Pfizer, Inc. (NYSE:PFE) is the largest global pharmaceutical company in terms of revenues, and an R&D powerhouse in terms of pipeline. All along, Pfizer has been investing heavily in research to prepare for a pharmaceutical market that is evolving, with the use of technology moving the industry toward a more personalized medicine.
On 24 August, BMO Capital Markets affirmed its “outperform” rating on Pfizer stock, based on its strong pipeline, customer relationships and cost cuts. The firm also said the company’s 2.5% dividend yield looks safe, and the outlook for the company is solid.
I believe that the firm’s R&D is the center of its success, and its focus on niche diseases is one of the many reasons for this belief. This focus means Pfizer creates products with the potential to be fairly resilient in the face of stiff competition.
Further on cost cuts, BMO is relatively unimpressed with Pfizer’s cost cutting, even though they think the cost savings are getting somewhere.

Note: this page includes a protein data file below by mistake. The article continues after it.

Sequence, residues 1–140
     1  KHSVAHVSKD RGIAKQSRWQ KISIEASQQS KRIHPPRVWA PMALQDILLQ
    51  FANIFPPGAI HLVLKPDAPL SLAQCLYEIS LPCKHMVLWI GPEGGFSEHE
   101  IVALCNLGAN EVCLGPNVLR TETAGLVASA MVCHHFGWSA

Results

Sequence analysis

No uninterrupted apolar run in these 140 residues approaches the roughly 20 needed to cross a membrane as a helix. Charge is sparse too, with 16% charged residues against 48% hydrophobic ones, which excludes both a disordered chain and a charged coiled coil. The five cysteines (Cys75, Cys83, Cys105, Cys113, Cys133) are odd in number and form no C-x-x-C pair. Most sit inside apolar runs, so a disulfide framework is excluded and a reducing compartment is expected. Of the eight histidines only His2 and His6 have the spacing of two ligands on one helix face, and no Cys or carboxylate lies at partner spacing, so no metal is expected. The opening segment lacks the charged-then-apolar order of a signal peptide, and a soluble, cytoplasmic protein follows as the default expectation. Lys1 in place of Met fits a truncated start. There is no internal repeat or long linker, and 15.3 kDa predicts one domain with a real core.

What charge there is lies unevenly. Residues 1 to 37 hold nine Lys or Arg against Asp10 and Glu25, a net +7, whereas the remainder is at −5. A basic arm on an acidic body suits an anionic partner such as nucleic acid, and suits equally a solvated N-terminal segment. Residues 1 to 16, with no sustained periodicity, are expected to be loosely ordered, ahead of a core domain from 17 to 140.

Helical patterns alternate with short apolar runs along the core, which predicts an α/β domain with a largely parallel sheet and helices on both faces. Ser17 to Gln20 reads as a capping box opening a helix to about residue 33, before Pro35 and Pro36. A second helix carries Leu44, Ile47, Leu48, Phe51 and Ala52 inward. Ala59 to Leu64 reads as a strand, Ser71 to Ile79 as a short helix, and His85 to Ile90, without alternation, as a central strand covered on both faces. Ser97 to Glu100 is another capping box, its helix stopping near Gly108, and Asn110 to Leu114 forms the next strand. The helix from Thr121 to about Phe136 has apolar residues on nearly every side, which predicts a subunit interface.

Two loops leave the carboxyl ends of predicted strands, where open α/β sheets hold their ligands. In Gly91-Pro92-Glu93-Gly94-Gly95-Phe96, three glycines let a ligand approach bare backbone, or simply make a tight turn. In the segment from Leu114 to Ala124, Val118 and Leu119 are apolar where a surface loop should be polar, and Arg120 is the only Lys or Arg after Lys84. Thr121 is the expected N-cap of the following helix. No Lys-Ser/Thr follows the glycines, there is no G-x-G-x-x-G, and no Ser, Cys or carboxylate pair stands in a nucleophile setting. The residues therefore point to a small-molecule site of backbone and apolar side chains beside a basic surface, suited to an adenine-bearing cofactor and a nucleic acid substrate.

On 26 August, Pfizer released an upbeat earnings report, which resulted in the stock jumping 3.3% on 27 August.
Sales rose 6% to $13.04 billion, driven by a 17% rise in US sales to $6.19 billion and a global 6% increase to $12.85 billion. All told, the company beat analysts’ estimate by roughly $240 million. Earnings per share rose to $0.64, up from $0.65 in the year ago quarter. Sales and earnings were even more impressive, as they were much higher than both analyst expectations and last year’s quarter.
On the conference call with investors, Paul Read, the CEO of Pfizer, said the company has strong fundamentals, and the company is set to deliver even stronger sales growth over the next few years.
“Our strong performance in the quarter exemplifies our strategy of continually investing in our portfolio of innovative and established products to expand our capabilities for sustainable growth, ” said Mr. Read.
Pfizer isn’t the only company dominating the market these days. Rivals Merck and Bristol-Myers Squibb also posted better than expected quarter’s results. Bristol-Myers Squibb beat revenue estimates by over $500 million, with total revenues of $6.55 billion, whereas Merck is hitting $12.33 billion in sales.
You can read more about the other drug firms here.
Investors can read more about Pfizer in this article here.
Disclosure: I/we have no positions in any stocks mentioned, and no plans to initiate any positions within the next 72 hours.
I wrote this article myself, and it expresses my own opinions. I am not receiving compensation for it (other than from Seeking Alpha). I have no business relationship with any company whose stock is mentioned in this article.